The Ward family were stewards of this land for over a century from the 1870s until 2002; cultivating the area to serve as an oasis between the growing centers of population in Honolulu and Waikīkī.
Born in 1846 to a family descended from ali‘i, Victoria Ward was a firm supporter and friend to Queen Lili‘uokalani. She was a champion of Hawai‘i, particularly after the overthrow of the Queen in the 1890s. Throughout this uncertain period of historic change, Victoria Ward sustained the islands’ host culture by opening her home to Hawaiian music, traditional gatherings, and the continued practice of Hawaiian arts and ʻŌlelo (language).
Upon the death of her husband in 1882, Victoria Ward was left to raise their seven daughters as a single mother. Fortunately, the estate, located in lush Kukuluaeo, supported productive marshlands, salt ponds, fishponds, and farmland. Victoria Ward resourcefully used the abundant native landscape to support her family, and in doing so she honored her kuleana (responsibility, right, and stewardship). Victoria Ward was also a discerning businesswoman. Under her care, the estate’s land and sea resources produced abundantly. Victoria Ward oversaw the addition of thousands of coconut trees to the estate and the restoration of a large Hawaiian fishpond, laying the foundation for a comfortable, self-reliant, and self-sustaining home.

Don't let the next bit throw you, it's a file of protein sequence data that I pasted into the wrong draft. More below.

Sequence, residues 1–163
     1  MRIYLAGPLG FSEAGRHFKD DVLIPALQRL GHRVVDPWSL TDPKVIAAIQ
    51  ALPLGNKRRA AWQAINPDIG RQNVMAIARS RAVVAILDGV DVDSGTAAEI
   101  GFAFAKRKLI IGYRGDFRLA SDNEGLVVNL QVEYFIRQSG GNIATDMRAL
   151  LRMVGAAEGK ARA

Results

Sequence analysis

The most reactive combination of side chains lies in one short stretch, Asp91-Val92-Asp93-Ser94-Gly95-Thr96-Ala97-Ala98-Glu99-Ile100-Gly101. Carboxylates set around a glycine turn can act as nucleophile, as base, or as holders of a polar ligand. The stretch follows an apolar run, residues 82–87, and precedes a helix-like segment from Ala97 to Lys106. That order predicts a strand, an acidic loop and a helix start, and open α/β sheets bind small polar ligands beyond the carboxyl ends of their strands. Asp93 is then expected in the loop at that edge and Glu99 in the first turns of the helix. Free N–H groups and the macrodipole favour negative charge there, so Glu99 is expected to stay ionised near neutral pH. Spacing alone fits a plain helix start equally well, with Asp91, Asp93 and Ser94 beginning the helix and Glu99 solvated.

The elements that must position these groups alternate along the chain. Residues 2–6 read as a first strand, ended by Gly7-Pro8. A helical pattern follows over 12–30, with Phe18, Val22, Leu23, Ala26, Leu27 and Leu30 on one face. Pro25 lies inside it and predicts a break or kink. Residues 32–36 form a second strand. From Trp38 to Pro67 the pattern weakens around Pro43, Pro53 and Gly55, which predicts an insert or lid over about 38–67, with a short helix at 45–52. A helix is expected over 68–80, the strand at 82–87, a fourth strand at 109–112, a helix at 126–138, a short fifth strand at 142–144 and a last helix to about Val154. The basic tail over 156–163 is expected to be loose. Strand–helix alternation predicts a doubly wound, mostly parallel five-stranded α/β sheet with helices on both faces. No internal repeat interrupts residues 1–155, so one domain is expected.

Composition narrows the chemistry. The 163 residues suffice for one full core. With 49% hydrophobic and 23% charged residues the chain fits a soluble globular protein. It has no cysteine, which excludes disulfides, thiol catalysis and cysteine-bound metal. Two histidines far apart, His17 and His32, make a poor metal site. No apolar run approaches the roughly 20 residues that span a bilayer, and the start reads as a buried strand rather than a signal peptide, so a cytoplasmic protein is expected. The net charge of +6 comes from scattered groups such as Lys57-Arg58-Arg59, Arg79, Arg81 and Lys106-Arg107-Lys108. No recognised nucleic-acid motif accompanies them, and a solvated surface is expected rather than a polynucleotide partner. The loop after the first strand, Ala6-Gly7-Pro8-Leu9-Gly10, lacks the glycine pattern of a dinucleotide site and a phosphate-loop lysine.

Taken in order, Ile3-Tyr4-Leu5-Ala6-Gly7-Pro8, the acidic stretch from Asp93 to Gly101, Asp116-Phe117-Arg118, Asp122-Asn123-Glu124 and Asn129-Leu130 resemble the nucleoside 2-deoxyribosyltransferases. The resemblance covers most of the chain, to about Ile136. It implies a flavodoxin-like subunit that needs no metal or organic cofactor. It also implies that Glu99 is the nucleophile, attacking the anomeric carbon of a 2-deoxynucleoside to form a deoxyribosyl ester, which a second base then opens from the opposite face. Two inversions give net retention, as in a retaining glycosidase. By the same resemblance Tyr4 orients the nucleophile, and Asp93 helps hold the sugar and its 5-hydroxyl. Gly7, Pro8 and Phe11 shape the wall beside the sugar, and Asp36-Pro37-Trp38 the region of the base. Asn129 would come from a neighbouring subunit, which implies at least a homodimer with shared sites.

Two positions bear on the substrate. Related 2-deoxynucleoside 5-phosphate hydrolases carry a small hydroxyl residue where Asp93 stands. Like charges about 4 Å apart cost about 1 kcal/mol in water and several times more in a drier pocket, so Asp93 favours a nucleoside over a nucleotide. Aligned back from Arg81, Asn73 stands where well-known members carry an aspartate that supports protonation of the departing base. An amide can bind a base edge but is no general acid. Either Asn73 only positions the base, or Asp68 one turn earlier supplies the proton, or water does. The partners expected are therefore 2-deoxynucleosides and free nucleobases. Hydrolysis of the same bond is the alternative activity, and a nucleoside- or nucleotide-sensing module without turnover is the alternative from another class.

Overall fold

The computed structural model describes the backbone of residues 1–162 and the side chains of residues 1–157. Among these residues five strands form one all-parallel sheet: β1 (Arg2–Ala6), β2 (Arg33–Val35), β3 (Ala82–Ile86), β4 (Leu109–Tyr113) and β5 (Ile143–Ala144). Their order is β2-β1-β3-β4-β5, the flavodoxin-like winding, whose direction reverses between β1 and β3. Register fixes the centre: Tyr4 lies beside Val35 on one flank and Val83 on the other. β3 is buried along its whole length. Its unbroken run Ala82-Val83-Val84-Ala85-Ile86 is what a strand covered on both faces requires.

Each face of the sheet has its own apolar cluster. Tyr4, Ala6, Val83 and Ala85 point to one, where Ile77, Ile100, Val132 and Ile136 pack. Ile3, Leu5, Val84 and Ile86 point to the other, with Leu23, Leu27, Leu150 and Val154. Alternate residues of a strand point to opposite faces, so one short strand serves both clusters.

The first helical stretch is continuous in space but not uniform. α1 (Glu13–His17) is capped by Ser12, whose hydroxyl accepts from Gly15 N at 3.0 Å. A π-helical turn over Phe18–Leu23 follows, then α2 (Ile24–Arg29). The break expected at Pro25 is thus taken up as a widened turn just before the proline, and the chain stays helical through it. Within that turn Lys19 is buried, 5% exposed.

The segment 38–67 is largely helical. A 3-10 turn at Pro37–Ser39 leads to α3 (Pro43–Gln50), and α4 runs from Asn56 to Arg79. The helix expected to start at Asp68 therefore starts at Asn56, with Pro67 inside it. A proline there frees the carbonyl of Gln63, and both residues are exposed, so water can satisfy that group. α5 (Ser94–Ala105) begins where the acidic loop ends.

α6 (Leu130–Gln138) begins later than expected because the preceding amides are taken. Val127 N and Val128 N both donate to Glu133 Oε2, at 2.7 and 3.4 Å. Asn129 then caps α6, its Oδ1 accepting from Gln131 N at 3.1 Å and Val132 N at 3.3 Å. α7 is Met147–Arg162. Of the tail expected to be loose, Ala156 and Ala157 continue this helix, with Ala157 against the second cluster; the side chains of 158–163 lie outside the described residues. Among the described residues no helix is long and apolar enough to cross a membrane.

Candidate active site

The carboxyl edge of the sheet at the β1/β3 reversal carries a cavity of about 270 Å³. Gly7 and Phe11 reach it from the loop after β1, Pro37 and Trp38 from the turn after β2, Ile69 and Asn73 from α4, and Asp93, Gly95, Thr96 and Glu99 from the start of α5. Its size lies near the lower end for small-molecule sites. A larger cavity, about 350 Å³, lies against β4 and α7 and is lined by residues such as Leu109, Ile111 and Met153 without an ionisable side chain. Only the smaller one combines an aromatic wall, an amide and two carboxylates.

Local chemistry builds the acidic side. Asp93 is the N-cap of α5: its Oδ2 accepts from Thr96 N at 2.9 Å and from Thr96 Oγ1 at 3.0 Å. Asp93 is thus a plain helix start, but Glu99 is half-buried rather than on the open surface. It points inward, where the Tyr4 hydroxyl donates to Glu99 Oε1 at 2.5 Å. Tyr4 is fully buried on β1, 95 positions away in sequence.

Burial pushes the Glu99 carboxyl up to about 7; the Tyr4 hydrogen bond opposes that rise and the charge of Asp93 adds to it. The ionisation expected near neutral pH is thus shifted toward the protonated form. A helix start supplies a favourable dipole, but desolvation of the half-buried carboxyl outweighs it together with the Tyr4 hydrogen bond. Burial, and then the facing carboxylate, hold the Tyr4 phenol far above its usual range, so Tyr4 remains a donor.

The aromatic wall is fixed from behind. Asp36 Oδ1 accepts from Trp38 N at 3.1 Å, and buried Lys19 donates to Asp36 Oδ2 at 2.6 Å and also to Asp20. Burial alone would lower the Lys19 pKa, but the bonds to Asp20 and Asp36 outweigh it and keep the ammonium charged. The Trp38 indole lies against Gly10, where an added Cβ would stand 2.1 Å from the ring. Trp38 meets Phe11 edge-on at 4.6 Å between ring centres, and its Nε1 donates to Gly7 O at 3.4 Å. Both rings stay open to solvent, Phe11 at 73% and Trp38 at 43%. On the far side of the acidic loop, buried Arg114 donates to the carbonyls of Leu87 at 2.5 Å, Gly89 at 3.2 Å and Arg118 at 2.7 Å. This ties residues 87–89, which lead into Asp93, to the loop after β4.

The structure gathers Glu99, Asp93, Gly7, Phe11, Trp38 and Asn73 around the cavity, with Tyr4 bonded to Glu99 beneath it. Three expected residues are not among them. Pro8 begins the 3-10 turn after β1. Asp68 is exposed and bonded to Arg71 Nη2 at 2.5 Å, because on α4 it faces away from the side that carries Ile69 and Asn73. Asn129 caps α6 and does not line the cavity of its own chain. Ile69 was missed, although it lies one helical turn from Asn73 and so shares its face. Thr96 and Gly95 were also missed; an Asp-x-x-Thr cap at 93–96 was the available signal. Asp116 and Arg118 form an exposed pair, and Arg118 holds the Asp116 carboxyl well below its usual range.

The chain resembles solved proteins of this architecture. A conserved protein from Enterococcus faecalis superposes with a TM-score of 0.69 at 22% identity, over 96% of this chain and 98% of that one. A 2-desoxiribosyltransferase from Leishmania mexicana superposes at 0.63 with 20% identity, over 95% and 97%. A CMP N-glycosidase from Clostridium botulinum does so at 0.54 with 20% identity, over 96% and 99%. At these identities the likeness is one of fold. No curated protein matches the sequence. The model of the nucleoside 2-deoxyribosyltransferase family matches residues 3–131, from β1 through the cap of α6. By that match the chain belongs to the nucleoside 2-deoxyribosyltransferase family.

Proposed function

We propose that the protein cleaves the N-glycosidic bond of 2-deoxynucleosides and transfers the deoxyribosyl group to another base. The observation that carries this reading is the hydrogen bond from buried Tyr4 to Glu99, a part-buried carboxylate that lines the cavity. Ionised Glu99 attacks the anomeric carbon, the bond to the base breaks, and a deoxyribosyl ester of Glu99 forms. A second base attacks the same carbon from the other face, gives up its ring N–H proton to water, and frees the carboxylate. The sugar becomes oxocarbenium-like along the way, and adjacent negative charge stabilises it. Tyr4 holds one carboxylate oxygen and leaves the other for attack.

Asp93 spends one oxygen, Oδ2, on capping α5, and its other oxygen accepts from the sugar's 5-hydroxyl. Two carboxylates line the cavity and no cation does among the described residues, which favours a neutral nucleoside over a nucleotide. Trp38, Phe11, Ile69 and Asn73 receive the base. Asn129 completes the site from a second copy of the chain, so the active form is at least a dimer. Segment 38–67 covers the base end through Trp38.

CONTINUING THE WARD LEGACY
Building on Victoria Wardʻs legacy, The Howard Hughes Corporation assumed responsibility of Ward Village in 2010, poised to become a center of Honolulu, a neighborhood and gathering place that embraces all.